Alberta Budget 2012 and Our Industry
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Friday, February 10 2012
The provincial budget of February 9 has some interesting items that directly relate to the life sciences industry in Alberta. I have pulled a summary of items from the budget and listed them below.  
Perhaps most notable is that the government has listened to our message regarding the Alberta Scientific Research and Experimental Development Tax Credit (SRED).   BioAlberta as a whole, but specifically the Policy Committee, has worked for the past two years to effect a change to this program.  We as an industry spoke, and they listened!  
The grind on the 10% provincial refundable SRED tax credit has been eliminated and this will mean an increase in your future SRED refunds.   Great news, as it is real dollars back to companies!  For your information, I have attached the letter we submitted on the issue last year.
Below are excerpts from the budget pertaining to our industry.
Best regards,
Since 2009, companies conducting research and development in Alberta have been eligible for a provincial tax credit. The government introduced the Scientific Research and Experimental Development (SR&ED) Tax Credit to encourage more research and development in Alberta. Because knowledge is easily transferable, research undertaken by one company often benefits other companies. This reduces the incentive for companies to undertake research.  Research and development tax credits encourage companies to increase the amount of research to more socially optimal levels.  Alberta’s credit is worth 10 per cent of eligible expenditures up to $4 million, for a maximum credit of $400,000. The credit is refundable to all companies, which is especially helpful for start-up and early-stage companies because these companies can benefit from the credit even if they do not earn enough income to pay income taxes.
During 2011, the government undertook an internal review of the program to consider whether the original focus of targeting small start-up businesses is still appropriate, whether there are deficiencies in the program, and whether there are changes to the credit design that would better align the program with the intended goals. The government invited stakeholders to make written submissions with respect to the program. Overall, the program seems to be working as intended. One of the things the government consistently heard from stakeholders, though, is that deducting the federal investment tax credit when calculating Alberta’s credit (called the "grind") reduces the competitiveness of Alberta’s program in comparison to other provinces. It also adds complexity to both program compliance and administration. The government believes that the credit would be more effective and less complicated without the grind. As a result, Alberta will eliminate the grind, effective for tax years ending after March 31, 2012. This will enhance the program by about $25 million annually, or roughly 35 per cent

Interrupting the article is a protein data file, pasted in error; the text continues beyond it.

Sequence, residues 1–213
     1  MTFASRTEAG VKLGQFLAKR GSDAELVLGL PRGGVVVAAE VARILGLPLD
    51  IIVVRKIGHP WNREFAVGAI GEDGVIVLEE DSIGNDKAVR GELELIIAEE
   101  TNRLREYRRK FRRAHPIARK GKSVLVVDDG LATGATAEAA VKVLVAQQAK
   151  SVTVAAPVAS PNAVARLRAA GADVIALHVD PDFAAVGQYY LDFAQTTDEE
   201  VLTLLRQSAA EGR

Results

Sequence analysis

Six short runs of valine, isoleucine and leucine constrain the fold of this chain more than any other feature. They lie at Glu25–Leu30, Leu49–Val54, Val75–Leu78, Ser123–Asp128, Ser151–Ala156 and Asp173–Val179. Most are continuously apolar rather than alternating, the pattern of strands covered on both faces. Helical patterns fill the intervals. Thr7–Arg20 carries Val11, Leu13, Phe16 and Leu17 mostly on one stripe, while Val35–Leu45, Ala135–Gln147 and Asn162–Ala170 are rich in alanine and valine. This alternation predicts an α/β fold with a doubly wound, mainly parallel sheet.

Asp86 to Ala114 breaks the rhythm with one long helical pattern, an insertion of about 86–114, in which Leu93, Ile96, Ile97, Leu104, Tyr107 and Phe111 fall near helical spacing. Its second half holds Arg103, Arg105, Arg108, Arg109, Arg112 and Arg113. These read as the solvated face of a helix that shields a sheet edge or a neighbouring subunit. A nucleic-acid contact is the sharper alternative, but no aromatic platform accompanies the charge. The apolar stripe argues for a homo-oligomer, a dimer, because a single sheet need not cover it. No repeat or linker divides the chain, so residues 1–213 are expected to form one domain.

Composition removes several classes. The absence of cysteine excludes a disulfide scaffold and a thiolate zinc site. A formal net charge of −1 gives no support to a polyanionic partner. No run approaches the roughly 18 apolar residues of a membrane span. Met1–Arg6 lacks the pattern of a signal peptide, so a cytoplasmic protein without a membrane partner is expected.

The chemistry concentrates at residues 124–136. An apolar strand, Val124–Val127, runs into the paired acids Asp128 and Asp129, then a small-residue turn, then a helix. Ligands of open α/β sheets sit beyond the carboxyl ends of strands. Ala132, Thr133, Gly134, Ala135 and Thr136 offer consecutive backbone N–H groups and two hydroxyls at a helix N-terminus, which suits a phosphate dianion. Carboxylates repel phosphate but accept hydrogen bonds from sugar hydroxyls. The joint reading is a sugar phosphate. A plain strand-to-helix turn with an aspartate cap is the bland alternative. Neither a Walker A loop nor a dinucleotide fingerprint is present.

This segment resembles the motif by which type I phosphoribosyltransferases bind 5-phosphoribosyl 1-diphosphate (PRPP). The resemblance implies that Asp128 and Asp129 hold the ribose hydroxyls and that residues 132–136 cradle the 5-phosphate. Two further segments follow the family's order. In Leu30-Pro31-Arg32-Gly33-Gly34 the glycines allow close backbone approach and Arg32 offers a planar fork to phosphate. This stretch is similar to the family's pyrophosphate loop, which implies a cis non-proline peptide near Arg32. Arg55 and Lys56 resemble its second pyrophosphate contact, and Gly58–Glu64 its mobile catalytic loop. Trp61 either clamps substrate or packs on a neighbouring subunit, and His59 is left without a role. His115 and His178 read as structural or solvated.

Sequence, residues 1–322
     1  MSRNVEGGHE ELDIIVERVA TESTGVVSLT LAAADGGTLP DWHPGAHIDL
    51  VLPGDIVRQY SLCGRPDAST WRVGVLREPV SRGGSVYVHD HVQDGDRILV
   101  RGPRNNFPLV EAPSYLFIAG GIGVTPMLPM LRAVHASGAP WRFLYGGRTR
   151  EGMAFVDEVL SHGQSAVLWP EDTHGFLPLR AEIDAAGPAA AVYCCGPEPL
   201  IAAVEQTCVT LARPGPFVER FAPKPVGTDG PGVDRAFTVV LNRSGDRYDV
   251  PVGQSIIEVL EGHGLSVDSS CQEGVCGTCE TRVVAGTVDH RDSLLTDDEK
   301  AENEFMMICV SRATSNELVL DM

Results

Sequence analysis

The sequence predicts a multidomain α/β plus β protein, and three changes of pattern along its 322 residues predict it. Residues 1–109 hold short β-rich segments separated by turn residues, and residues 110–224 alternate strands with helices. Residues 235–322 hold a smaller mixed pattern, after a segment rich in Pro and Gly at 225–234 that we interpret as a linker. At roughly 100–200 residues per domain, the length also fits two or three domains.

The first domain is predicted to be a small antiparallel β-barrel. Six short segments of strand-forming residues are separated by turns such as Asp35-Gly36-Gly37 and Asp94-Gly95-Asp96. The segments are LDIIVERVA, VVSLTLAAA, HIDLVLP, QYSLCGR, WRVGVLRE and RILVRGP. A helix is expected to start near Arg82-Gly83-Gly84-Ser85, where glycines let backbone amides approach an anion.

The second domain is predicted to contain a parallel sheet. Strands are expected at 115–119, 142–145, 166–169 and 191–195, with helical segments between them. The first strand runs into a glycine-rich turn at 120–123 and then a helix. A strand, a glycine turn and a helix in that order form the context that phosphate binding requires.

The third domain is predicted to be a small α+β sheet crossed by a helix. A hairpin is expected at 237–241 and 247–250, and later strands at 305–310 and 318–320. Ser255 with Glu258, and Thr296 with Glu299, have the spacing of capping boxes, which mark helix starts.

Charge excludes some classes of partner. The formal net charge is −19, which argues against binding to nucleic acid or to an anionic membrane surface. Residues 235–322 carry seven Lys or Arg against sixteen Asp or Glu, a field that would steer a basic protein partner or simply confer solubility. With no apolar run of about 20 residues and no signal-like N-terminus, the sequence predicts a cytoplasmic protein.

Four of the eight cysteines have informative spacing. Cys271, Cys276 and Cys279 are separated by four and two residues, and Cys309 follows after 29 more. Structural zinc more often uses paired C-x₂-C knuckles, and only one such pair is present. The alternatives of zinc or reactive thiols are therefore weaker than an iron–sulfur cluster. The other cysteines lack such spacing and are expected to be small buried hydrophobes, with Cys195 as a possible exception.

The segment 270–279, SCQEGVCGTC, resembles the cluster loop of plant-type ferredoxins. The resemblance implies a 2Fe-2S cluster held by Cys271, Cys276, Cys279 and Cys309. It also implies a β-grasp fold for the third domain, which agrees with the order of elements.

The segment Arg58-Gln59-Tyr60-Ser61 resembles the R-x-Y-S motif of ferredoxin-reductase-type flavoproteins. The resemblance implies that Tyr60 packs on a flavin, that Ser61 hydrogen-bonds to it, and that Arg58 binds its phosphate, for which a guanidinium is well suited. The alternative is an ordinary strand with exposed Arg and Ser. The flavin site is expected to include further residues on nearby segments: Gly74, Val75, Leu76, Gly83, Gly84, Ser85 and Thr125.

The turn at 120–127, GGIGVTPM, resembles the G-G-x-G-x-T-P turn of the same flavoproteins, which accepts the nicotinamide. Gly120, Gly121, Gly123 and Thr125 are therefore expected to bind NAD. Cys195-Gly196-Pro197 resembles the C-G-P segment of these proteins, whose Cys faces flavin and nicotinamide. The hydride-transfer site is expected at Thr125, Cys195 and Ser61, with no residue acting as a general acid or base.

• Bioenergy Producer Credit Program. The Bioenergy Producer Credit Program provides incentives to develop bioenergy products, helping to support the Renewable Fuels Standard implemented in April 2011. The program is being revised, to exclude stand-alone operations producing ethanol from cereal grains. Budget 2012 includes $444 million in support for bioenergy initiatives over three years, including $66 million in 2012-13.
  • The Agriculture Financial Services Corporation (AFSC) budget is $696 million in 2012-13. In addition to delivering the government’s agriculture insurance and income stabilization programs, financial services provided by AFSC support the development and expansion of agriculture, agri-businesses, value-added enterprises and commercial operations.
  • The Alberta Livestock and Meat Agency Ltd. (ALMA) continues to implement the Alberta Livestock and Meat Strategy. With a total budget of $39 million in 2012-13, ALMA programs are designed to help build an internationally respected, competitive and profitable livestock and meat industry.
  • Innovation. There is nearly $275 million budgeted for research, innovation and technology commercialization in 2012-13, a $9-million increase from 2011-12. This increase will allow for more capacity in key areas such as agriculture, energy and environment research. Operating support for the four agencies under the umbrella of Alberta Innovates is $216 million in 2012-13.
  • Alberta’s International Strategy. Funding in the Ministry of Intergovernmental, International and Aboriginal Relations for international relations is $24 million in 2012-13 (an increase of nearly 60 per cent from 2011-12), to provide more capacity to deal with international and intergovernmental advocacy. In addition, this budget includes funding for externships, where competitive placements will be negotiated in international organizations, foundations and the private sector to provide Albertans with opportunities to gain valuable international experience early in their careers.

$273 million is forecast to be spent to complete projects in 2011-12, including:

  • The Edmonton Clinic Health Academy at the University of Alberta,  accommodating 682 students in health care programs;
  • The Energy, Environment and Experiential Learning facility at the University of Calgary, accommodating 1,000 students and including a new power co-generation facility that will reduce the university’s carbon footprint.
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